It takes courage to do what the Parkland students have done. They are taking on powerful institutions, most notably the National Rifle Association. They have been mocked by many conservatives. There was a fake news campaign claiming that David Hogg was a crisis actor who actually lived in California. More fake news came when a doctored photo allegedly showed Emma Gonzalez ripping up the Constitution, when in fact she was ripping up a gun range target. Has-been rock star Ted Nugent called the Parkland students liars and soulless. Conservative talk show host Laura Ingraham mocked Hogg for “whining” about not getting into certain colleges that he had applied to. Alex Jones of Info Wars described the March for Our Lives Rally as a Hitler Youth invasion and called Hogg the chief propagandist. Many conservatives have alleged that the Parkland students are just pawns of liberal organizations and have falsely claimed that their movement is being bankrolled by liberal billionaire George Soros.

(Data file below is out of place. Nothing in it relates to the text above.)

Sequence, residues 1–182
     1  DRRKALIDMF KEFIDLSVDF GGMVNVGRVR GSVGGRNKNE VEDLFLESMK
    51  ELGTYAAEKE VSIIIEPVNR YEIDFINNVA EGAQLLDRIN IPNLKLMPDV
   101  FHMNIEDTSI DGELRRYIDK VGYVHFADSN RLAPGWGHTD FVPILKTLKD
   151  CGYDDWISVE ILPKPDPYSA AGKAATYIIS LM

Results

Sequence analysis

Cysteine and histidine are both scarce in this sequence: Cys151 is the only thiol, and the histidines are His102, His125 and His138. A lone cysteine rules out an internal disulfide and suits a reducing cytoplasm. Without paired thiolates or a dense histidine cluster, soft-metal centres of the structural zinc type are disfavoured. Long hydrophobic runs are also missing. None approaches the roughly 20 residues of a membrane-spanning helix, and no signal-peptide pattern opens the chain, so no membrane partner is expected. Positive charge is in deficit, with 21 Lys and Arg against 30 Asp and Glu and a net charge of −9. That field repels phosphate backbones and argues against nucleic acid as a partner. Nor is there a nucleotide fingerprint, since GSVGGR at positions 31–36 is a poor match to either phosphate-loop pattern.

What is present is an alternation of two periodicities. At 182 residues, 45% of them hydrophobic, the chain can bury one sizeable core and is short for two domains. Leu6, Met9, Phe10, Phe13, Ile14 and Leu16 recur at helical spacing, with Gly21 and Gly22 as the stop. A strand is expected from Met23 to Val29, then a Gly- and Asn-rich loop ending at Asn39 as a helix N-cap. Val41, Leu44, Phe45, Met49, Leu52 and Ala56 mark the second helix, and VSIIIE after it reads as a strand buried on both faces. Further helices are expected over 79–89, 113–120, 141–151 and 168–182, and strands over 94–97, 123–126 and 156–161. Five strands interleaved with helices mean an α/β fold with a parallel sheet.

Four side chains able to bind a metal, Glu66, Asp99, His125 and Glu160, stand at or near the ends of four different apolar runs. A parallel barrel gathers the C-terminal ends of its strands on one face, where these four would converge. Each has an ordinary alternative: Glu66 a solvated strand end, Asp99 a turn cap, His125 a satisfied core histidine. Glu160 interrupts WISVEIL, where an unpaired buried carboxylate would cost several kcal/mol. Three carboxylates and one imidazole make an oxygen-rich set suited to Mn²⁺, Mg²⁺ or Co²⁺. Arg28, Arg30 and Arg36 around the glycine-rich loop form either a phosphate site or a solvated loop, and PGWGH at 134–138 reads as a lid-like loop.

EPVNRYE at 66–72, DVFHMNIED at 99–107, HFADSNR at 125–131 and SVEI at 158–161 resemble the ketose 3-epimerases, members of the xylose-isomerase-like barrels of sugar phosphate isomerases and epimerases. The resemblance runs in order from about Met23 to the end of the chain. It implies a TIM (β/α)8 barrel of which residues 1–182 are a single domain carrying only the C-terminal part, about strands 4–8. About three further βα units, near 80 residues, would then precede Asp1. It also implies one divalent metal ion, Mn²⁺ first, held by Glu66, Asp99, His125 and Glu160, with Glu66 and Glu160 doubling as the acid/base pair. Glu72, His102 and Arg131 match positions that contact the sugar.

Two of the Parkland students, David Hogg and Cameron Kasky, were the targets of “swatting” pranks, where fake 911 calls were made to police, who went to their homes to investigate what turned out to be false claims of gun incidents. Both Hogg and Kasky have claimed that they have received online death threats.

These threats and verbal assaults on the Parkland student activists led one of the shooting victim’s parents, Fred Guttenberg, to call on President Trump to publicly demand that those threats stop.

It would have been a natural reaction for the Parkland students to mourn and grieve privately and to turn inward. They could have taken vacations, hung out with friends at the beach, and focused on going to college in the fall. Instead, they have put themselves out there and dedicated their lives to changing how society views gun violence and how it can be prevented. That’s a lot of responsibilities for teenagers to take on. They should be honored for it.

Larry Atkins is the author of Skewed: A Critical Thinker’s Guide to Media Bias (Prometheus Books). He teaches Journalism at Temple University and Arcadia University. Twitter: @larryatkins4